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Can Employers Legally Test A Job Candidates’ Physical Fitness Levels?
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Anti-discrimination laws prevent deep probes into prospective employee health data. But for positions with physical requirements, some testing is permissible.
The nation’s significant obesity problem – two-thirds of American adults are overweight, many at younger ages – create some degree of hiring challenges for employers’ background checks and pre-employment screening. This particularly affects workplaces where some degree of physical fitness is required to perform job duties, which ranges from retail and hospitality industries to warehousing, manufacturing, healthcare, public safety and security services, among many others.
But there are many legal restrictions on learning how healthy, mentally as well as physically, a job candidate is prior to employing them. Rules established by the Equal Employment Opportunity Commission (EEOC) the Americans with Disabilities Act (ADA) are key drivers in these hiring scenarios.
But employers performing pre-employment screening can legally seek some information about job candidates that pertain to their fitness. These rules allow for physical tests under certain conditions:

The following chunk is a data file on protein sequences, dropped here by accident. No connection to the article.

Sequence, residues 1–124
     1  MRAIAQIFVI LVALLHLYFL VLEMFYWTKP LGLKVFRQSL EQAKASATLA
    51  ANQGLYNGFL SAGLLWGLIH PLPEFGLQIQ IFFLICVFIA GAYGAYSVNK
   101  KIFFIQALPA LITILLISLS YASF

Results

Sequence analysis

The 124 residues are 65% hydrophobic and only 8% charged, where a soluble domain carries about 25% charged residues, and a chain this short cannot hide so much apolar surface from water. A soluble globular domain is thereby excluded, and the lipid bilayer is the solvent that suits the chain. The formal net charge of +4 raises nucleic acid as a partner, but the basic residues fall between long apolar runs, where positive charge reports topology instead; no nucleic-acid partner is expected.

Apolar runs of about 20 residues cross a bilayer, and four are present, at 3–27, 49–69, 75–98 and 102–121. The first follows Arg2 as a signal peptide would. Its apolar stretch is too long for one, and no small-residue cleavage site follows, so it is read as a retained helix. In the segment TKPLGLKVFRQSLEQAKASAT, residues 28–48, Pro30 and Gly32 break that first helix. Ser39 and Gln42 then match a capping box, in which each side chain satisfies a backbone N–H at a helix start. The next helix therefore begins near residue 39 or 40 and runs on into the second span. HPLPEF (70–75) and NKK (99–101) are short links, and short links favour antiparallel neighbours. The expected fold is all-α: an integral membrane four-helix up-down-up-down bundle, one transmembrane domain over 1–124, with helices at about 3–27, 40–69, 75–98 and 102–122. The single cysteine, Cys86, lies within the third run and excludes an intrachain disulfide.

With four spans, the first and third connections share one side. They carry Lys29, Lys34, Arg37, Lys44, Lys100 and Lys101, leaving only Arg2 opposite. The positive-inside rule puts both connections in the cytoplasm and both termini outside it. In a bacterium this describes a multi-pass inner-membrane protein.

Physical tests should resemble job conditions – Some safety-critical jobs, such as firefighters, absolutely require that the employee meet a minimum level of fitness. The key points are that the test be job related (Can you carry 100-pound hoses? Can you climb a ladder? Etc.) and that it be consistent with actual tasks in the job. In a similar vein, personality tests can be administered to determine if the individual is mentally fit for some of the psychological challenges of a position.
Tests cannot probe medical conditions – It is OK to identify if the job candidate can perform a task, but it is not acceptable for the prospective employer to probe into possible underlying health questions. For example, taking heart rate and blood pressure readings at the conclusion of a physical test would be unacceptable.
Tests cannot discriminate against an entire class – If all or most female applicants fail a physical test, for example, the employer needs to be absolutely certain the test fairly represents the true physical challenges of the job.
As with all hiring and management practices, any fitness test must be administered equally to all applicants within job categories. Selective application of tests would be a clear violation of employment discrimination laws.
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